GW Summer IP Program in Munich:
Law student readers who are interested in intellectual property law (or technology law more broadly) might want to know about about GW Law's summer IP program in Munich, Germany. You can find an overview here, a list of courses here, FAQ's here, and bios for the faculty members here. I've taught in the program for the last two summers and will do it again this summer. I find the weissbier, er, intellectual atmosphere, refreshing. For a criticism of European summer programs operated by U.S. law schools, see the comment thread here.

  While I'm advertising for the home school, I also want to point out that GW Law is looking to fill a position as a Marks IP fellow. Details are available here.
Tony Tutins (mail):
I agree with Jeff that there is little value to overseas programs that consist of holding US classes taught by US professors to US students. Overseas programs should use local professors and adjuncts with deep experience with local laws, and should include local students as well. Otherwise you never leave the U.S. bubble, except to have a beer.
1.8.2008 5:15pm
Peter Wimsey:
The summer abroad law programs taught largely by US professors in other countries are, IMO, the law school equivalent of CLE classes given in Cancun or professional conferences given in Las Vegas - nothing but an excuse (or opportunity, if you will) to learn something you could learn anywhere at a nice place.
1.8.2008 6:45pm
Truth Seeker:
I did a Summer at Oxford with 1/2 US professors and 1/2 Oxford professors and it was a great time. Luckily my school did not average the grade into my GPA so I could spend the free time having fun. Some of the best memories of my life.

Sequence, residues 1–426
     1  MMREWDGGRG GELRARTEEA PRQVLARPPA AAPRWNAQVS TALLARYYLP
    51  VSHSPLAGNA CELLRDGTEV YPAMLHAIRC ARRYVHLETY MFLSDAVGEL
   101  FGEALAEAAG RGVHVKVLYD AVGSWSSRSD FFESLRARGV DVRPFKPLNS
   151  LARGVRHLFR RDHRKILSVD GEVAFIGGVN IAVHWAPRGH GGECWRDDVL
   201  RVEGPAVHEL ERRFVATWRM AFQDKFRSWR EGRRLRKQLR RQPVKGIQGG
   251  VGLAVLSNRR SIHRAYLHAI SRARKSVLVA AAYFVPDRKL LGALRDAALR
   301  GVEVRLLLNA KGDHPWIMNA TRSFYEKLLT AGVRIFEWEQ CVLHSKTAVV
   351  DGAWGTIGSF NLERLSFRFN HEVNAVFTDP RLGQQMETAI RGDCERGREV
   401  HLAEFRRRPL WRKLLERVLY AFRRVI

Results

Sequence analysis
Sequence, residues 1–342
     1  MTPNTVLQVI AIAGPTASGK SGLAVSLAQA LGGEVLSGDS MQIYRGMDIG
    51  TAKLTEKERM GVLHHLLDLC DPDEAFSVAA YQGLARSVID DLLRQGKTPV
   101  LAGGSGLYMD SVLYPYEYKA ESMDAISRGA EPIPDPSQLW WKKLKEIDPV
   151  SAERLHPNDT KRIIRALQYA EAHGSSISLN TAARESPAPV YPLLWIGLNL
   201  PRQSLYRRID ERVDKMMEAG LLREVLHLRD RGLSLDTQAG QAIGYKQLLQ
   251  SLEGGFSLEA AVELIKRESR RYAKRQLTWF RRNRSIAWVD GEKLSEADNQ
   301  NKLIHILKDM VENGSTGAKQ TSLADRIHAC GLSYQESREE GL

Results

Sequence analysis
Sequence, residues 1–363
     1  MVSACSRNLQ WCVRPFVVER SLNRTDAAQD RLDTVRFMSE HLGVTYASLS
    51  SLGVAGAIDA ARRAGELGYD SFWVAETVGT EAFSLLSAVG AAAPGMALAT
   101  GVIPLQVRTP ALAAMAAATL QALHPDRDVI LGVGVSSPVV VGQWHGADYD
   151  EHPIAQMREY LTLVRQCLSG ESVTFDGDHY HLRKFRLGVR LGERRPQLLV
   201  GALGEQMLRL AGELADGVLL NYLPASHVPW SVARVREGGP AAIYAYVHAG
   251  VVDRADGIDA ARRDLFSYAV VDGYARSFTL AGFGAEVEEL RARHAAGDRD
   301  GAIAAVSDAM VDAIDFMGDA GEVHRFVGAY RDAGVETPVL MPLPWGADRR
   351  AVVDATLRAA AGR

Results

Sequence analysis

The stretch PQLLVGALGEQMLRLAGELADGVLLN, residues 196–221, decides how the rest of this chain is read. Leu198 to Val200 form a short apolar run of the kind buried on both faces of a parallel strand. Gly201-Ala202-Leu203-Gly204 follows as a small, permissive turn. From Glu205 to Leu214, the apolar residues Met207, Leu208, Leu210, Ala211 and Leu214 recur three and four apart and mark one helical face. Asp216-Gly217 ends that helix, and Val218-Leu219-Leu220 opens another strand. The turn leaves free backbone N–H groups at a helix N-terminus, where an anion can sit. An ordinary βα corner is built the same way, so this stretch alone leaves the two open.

1.8.2008 8:02pm
Robert Stark (mail) (www):
Overseas law programs certainly help to our law carrier. European country has best law schools.
1.9.2008 11:07am
The European program I did was fine. It was priced to be competitive with taking classes on my regular campus, even after figuring in the airfare, so there was no reason not to give it a try. We had mostly US professors but international law classes. And we had guest speakers on local law topics, along with visits to the national legislature and to various other law-related institutions.

I'd say it was academically respectable and worth doing, even taking the "junket" phenomenon into account. We could have studied the same material at home (and probably consumed the same amount of beer as well), but the international extras made it more interesting. Students enjoy international travel as much as professors do.

If the classes are weak on content or overpriced, however, I would say don't bother. Take classes at your home school and then go on a real vacation.
1.9.2008 11:27am
Taylor Souter (mail):
As a practical question for those who did a summer program - what did you do for the remainder of the summer? I ask because the program's only a month long, so I assume that you're expected to find some other legal-related work for the other two months.
1.9.2008 3:54pm
Stevethepatentguy (mail) (www):
Peter and Tony, would you consider a summer in Washington D.C. as part of a Supreme Court class a boondoggle?

As the cite of the European Patent Office and German Patent Office, Munich is arguably the most important city in the world for patents. It certainly a reasonable place to hold this class. A fair number of patent attorneys will be there during their career and knowing the lay of the land will absolutely help a career.

Head over to Cincinnati Strasse and watch a hearing at the German Federal Patent Court. Stroll up the Isar River to the European Patent Office; take the U-Bahn to Fraunhoffer Strasse.

Stay away from the Hofbrauhaus except as a tourist destination. Waiter: "Your bill is 28 euro, without tip." Walk in to any bar and ask "ein helles, bitte" and you will have a great beer at half the cost, without the drunken Australians (although they are a lot of fun).

And don't miss the BMW museum and tour.
1.10.2008 11:19am
Stevethepatentguy (mail) (www):
Of coarse, I meant sight instead of cite.

Damn homophones.
1.10.2008 11:23am